Genesis 11:1-4 - A Review
Greetings, everybody! God’s rich peace to you in the One who was, and is, and is to come, and welcome to another daily session of EDiBS. Today is Wednesday (NOTE: today is Thursday, 10 September 2020. This is an archival study session.), and at this middle point in our week together we’re opening our Bibles up to the 11th chapter of Genesis…the final chapter in this first portion of our series on the first book of the Bible. I’m so glad that you’re here, and my prayer is that our Lord will strengthen your heart and quiet you with His love today. Take a moment, find your spot, and then join me for a word of prayer.
Lord Jesus, you said to us that you would give us peace – peace not like the world knows or can give, but peace that comes from you and is not of this world. We desire that peace today with such longing. Have mercy and pour into our lives through and through, in our hearts and our minds, that perfect and abiding heavenly peace. Do so as you teach us today by your Word and Spirit. In your precious name we pray, amen.
As we get started today, Genesis 11 begins with one of the most well-known narratives of Old Testament history. Our focus: a people, a city, and a tower.
Now the whole earth had one language and the same words. 2 And as people migrated from the east, they found a plain in the land of Shinar and settled there. 3 And they said to one another, “Come, let us make bricks, and burn them thoroughly.” And they had brick for stone, and bitumen for mortar. 4 Then they said, “Come, let us build ourselves a city and a tower with its top in the heavens, and let us make a name for ourselves, lest we be dispersed over the face of the whole earth.”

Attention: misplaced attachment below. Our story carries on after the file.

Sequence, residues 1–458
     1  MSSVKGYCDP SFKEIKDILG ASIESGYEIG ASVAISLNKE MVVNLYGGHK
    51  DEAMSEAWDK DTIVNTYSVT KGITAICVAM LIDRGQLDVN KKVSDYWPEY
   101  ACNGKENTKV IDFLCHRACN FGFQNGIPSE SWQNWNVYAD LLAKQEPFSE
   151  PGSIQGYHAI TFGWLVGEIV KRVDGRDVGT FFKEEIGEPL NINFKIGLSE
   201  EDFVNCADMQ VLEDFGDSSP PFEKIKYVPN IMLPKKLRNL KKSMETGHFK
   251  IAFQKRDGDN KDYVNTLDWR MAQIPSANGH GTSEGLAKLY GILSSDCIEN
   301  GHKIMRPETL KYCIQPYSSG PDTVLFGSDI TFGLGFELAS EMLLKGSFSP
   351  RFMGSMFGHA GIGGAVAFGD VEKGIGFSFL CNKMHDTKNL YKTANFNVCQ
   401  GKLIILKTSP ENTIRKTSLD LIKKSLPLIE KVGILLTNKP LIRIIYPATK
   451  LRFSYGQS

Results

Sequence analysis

During my childhood it was Tinker Toys, Lincoln Logs, those brightly-colored multi-shaped wooden blocks, and erector sets. By the time my kids came along, Legos had become the big thing. Today it seems to be a mixture of old and new, with Legos still holding court but all those other sets holding their own kind of sway. Regardless of the age or era, however, one thing common to almost every child in his or her growing up years is building — and usually, the bigger the better.
As a kid, I was always fascinated with the account that we have today in God’s Word. What did that tower look like? How tall did they get it before God put the kibosh on everything and scattered the people? What on earth possessed them to try something so foolish? And yet, even with all those thoughts running through my head, I have to admit that my biggest and most consuming thought of all was, “Man, how cool it would be to go to the top!”
And that, of course, is today’s problem in a nutshell!
As we come to the events before us in the text here at the beginning of Genesis 11, we’re probably abut 100 years or so post-Flood on the timeline. We can’t be completely certain of the date, but if we plot things out and assume that what occurred here happened around the time of Peleg’s birth, we’re in that 100-year ballpark. What’s the setting? The ever-multiplying descendants from the ark, slowly migrating west, have stopped on a plain in the land of Shinar — the land which will become known as Babylon — and have made a momentous decision. They have, all together as one unified human race, decided that in this place they will come together to build a great city and an even greater tower, stretching all the way to the heavens. They’re serious too…no regular sun-dried brick or stacked stone here like would typically be used; only bricks that have been fired and then set with mortar. It’s the strongest way to build… heavy duty stuff. The plans here are for permanence.